Annual Survey: governments fail immigration
Americans, Canadians and Europeans overestimate immigration figures, espress contradictory opinions about integration and worry about the effect of immigration on work and social services
WASHINGTON - TORINO (3rd February 2011) – Results of the recent survey ‘Transatlantic Trends: Immigration’ indicate that while North America and Europe are trying to overcome the world economic crisis, public opinion is becoming more critical towards governments in the subject of immigration. Furthermore, for the first time, competition from the immigrant workforce is causing concern, above all for those who ere hit directly by the crisis in 2010.
The data presented in the third edition of the annual report ‘Transatlantic Trends: Immigration’, which analyses North American and European public opinion, show that most citizens in the USA (73%), Italy and the UK (70%), Spain (61%), France (58%) and Holland (54%) are critical of their governments’ conduct regarding immigration. Only Canadians are equally divided between those who approve of the measures taken by their leaders (48%) and those who deem them to be inadequate (43%).Furthermore, in the United States (67%) and the United Kingdom (63%) those interviewed claim that immigration issues influence how they vote.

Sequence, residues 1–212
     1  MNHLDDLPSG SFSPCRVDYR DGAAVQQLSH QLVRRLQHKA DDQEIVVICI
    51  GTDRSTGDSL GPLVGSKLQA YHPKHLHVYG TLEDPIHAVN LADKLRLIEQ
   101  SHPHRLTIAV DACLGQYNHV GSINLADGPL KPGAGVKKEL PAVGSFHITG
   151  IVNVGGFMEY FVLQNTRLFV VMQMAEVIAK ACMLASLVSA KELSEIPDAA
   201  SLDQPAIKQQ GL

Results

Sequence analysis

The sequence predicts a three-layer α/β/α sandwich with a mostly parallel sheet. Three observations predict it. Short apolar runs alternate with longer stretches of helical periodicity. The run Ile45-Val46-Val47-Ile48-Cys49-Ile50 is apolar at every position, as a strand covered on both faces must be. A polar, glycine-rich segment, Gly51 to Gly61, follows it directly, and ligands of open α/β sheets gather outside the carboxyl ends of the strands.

‘Transatlantic Trends: Immigration’ contains an interesting novelty in 2010, as pointed out by Angelo Benessia, Chair of the Compagnia di San Paolo. “The survey shows that, when properly informed about the number of immigrants in their own country, those interviewed are much more cautious in expressing an opinion on the presence of “too many foreigners”.